The ICT pedagogic challenges and enablers of grade eight natural science and mathematics teachers in South African classrooms
In South Africa, Science and Technology Education faces many problems. Insufficient numbers of Science and Technology teachers, inadequate in–service training, large classes, instruction with the aim of narrowly orienting students towards examination passes an insufficient integration of technology in the curriculum, and insufficient physical infrastructure dominates the list. The Department of Education envisages the use of ICT as a tool for learning and teaching. ICT has the potential to improve the quality of education and training. If adequate resources are available, and teachers have confidence in the usefulness of ICTs, then the integration of Information and Communication Technology (ICT) may improve the teaching and learning of Mathematics and Science. A review of the literature indicated that the deployment of ICT resources alone will not bring about desirable pedagogical practices in the classroom. There exists a need for interventions that will enhance ICT pedagogical practices in South Africa. The following main research questions were formulated: What are the ICT pedagogic practices used by grade 8 Mathematics and Science teachers in South African classrooms? How do the barriers that grade 8 Mathematics and Science teachers encounter, as well as the support they receive, influence their pedagogical practices? What is the Principal’s role in promoting the emerging pedagogic practices using ICT in South African classrooms? This research comprises a secondary data analysis of the SITES 2006 South African data base. The population and sample for this study was based on the South African grade 8 Mathematics and Natural science teachers. In SITES 2006, the samples comprised more than 504 schools. Due to the fact that ICT is only significantly implemented in two out of nine provinces in South Africa, 25 strata were created to secure fair representation of the population with 666 Mathematics teachers and 622 Natural Science teachers. Bromfenbrenner’s Ecological Systems Theory and Engeström’s Activity Theory was used to investigate Natural Science and Mathematics teachers’ progress in their ICT pedagogical practices through the time–frame 2004 to 2013, as stipulated in the South Africa’s White paper on e–Education policy. Statistical analysis using Statistical Package for Social Sciences was used to address the research and sub–questions. The study found that South African Mathematics and Natural Science teachers’ level of ICT use is small; when they do use ICT, it is enhanced 21st century pedagogic practices. This is in accordance with findings from the international literature study.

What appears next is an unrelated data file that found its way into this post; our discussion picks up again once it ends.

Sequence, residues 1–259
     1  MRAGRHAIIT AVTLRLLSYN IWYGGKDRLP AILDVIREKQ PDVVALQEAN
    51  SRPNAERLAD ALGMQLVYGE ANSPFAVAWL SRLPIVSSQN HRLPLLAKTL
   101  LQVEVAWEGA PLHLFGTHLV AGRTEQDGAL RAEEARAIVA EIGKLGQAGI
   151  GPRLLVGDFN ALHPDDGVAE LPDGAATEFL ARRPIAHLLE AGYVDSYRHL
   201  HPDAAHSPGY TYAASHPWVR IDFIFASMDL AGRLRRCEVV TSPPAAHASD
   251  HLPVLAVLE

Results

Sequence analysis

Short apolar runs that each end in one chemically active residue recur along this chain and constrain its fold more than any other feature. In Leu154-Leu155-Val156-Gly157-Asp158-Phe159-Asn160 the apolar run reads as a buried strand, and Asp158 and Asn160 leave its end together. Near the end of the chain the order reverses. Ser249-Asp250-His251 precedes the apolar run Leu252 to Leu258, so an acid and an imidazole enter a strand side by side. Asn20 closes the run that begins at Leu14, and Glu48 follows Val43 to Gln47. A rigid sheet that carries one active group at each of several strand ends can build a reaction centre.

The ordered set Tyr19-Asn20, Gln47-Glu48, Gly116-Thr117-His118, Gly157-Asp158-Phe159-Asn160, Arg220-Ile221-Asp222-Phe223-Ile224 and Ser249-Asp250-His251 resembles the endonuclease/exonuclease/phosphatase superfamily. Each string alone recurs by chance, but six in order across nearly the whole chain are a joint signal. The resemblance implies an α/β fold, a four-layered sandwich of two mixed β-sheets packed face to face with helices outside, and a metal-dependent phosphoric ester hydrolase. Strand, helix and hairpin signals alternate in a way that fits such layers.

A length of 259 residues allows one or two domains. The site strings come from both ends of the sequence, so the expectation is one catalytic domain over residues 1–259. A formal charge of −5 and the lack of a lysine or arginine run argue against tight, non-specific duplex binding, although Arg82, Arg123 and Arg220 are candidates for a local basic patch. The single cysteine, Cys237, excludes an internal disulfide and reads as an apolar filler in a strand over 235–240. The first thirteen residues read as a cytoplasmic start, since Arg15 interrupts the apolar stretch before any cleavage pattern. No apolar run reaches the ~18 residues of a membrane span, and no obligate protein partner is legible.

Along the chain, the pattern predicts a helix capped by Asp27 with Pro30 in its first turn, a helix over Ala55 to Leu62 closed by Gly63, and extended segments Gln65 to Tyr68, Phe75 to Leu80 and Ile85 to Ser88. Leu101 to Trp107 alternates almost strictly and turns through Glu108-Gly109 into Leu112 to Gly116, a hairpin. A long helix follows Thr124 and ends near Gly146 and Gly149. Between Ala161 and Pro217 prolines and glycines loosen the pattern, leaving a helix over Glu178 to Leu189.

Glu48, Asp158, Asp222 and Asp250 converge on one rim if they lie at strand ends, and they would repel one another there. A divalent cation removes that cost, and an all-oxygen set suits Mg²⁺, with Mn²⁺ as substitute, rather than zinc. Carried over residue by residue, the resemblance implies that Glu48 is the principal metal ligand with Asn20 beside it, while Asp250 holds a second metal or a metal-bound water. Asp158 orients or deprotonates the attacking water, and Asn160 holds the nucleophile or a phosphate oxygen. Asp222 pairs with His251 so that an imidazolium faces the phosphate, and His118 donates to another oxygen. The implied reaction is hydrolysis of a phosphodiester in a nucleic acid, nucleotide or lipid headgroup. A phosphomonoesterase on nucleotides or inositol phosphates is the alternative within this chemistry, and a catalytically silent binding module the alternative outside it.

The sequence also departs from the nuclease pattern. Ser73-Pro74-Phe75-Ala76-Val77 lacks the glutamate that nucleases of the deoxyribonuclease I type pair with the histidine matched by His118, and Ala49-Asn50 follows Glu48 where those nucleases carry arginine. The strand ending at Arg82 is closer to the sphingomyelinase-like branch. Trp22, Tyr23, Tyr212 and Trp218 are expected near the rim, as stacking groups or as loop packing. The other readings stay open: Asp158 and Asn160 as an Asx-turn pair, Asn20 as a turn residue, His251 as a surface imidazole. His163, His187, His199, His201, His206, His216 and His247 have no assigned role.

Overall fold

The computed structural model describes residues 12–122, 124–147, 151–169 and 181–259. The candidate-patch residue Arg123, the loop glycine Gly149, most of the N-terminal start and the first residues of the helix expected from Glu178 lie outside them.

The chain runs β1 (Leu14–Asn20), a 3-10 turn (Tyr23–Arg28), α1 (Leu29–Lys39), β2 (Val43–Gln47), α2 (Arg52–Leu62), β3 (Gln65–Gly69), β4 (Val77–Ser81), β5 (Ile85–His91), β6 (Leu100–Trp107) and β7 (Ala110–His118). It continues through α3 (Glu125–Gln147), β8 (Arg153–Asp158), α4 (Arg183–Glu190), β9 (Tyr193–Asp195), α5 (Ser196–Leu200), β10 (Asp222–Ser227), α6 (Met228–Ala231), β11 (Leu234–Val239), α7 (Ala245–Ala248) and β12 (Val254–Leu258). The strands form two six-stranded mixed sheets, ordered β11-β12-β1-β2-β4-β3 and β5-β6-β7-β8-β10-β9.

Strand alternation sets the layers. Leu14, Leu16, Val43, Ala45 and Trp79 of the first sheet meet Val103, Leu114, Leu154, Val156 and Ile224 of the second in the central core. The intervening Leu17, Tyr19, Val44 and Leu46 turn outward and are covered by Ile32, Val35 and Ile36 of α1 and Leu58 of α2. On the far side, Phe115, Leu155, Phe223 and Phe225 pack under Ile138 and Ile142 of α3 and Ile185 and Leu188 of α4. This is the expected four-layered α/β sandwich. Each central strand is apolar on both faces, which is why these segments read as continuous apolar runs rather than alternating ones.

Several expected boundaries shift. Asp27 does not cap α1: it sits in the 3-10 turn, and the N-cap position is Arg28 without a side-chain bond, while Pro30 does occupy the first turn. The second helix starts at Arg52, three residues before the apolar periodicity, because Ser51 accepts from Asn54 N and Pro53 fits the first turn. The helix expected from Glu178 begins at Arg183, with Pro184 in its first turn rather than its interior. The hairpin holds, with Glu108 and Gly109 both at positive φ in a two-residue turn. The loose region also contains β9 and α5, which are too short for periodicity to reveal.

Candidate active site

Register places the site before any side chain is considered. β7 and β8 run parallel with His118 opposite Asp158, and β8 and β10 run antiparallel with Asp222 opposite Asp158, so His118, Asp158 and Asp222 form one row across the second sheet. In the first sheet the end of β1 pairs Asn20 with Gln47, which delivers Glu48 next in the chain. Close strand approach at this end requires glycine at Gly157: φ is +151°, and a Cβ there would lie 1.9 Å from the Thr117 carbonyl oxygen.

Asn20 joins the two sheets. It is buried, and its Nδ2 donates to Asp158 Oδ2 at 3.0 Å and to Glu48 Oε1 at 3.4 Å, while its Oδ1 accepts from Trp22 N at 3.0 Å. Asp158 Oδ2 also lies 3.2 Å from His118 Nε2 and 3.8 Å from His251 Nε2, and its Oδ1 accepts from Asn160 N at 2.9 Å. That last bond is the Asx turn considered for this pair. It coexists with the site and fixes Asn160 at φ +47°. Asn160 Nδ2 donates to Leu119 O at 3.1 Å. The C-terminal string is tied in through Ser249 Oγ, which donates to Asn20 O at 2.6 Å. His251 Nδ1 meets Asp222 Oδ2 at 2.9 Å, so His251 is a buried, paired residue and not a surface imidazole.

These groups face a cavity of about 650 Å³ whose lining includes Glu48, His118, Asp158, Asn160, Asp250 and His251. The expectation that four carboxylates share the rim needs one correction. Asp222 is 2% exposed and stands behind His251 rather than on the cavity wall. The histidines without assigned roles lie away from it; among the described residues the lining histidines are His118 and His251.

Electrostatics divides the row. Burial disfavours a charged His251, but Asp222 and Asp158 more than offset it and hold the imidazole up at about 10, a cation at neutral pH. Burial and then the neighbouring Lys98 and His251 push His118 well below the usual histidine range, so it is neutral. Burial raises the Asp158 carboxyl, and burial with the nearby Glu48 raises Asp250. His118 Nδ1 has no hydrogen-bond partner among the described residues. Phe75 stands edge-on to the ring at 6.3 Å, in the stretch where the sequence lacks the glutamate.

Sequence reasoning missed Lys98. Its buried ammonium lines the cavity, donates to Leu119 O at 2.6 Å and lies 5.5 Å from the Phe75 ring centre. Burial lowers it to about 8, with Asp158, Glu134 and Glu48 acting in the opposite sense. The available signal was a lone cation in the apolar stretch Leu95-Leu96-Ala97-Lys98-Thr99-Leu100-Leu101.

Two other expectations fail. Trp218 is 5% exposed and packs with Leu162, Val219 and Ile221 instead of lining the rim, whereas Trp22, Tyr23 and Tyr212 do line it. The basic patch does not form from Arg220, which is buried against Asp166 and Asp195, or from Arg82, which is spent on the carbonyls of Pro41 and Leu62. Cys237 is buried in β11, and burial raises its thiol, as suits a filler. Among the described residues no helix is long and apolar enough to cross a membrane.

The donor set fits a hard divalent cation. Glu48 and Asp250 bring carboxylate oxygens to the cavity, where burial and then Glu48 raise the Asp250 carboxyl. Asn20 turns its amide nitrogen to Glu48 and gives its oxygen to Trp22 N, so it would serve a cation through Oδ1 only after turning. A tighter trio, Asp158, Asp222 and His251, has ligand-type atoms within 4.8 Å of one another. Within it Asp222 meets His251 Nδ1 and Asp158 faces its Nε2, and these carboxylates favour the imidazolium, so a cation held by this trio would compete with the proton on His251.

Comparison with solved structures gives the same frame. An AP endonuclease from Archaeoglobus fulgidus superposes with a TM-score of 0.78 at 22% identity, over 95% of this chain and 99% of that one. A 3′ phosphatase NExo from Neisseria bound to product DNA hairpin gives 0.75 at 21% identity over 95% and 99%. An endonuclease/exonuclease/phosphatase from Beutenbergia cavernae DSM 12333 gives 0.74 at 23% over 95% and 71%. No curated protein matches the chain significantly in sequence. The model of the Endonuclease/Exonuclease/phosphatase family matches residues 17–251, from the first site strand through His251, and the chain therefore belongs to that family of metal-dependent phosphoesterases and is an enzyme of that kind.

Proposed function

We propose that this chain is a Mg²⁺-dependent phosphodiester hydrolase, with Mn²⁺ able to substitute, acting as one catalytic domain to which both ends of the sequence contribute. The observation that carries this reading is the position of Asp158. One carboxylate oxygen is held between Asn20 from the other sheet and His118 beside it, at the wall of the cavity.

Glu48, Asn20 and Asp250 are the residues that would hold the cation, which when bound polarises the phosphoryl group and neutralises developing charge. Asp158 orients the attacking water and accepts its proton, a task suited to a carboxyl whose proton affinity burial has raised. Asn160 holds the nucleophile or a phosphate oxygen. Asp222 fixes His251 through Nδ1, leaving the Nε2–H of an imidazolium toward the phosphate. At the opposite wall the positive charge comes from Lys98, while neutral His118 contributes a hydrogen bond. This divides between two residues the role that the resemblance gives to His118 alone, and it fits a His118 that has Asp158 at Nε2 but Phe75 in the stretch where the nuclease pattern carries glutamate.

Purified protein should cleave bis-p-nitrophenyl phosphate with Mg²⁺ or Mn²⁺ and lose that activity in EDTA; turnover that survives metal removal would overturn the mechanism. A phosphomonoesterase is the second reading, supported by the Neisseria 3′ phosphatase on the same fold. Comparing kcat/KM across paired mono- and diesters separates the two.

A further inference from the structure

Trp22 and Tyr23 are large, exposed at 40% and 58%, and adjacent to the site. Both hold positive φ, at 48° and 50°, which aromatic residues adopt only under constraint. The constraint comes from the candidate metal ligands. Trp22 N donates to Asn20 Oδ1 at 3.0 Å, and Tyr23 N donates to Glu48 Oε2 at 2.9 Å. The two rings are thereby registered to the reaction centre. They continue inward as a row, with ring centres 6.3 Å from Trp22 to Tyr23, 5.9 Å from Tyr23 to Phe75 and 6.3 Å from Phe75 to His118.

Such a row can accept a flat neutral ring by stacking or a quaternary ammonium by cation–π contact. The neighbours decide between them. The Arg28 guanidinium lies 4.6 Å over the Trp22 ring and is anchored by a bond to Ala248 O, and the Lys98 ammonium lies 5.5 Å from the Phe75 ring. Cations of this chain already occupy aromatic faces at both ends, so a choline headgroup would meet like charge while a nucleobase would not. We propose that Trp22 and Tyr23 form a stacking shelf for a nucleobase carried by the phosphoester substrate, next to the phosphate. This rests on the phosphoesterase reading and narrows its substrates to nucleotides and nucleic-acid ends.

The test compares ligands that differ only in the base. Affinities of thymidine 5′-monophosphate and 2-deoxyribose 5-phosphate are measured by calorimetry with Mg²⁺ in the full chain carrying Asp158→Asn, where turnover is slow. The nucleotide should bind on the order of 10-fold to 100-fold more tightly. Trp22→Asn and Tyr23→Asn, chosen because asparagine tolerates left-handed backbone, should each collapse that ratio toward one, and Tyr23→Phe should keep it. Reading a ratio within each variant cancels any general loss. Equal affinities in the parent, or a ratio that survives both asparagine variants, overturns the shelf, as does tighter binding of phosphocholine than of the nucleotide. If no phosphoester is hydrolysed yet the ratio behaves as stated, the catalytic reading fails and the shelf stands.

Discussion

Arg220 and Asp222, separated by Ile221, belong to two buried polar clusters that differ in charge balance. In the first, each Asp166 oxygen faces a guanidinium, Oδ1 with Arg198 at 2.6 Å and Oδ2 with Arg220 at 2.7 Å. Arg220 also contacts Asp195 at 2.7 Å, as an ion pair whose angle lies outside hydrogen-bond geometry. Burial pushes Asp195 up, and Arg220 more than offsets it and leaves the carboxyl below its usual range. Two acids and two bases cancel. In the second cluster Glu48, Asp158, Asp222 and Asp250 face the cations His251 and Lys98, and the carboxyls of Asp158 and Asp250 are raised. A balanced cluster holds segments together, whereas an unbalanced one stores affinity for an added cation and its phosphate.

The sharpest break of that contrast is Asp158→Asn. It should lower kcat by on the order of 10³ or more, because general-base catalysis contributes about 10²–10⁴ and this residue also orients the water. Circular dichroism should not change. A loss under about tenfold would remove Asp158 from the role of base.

- Education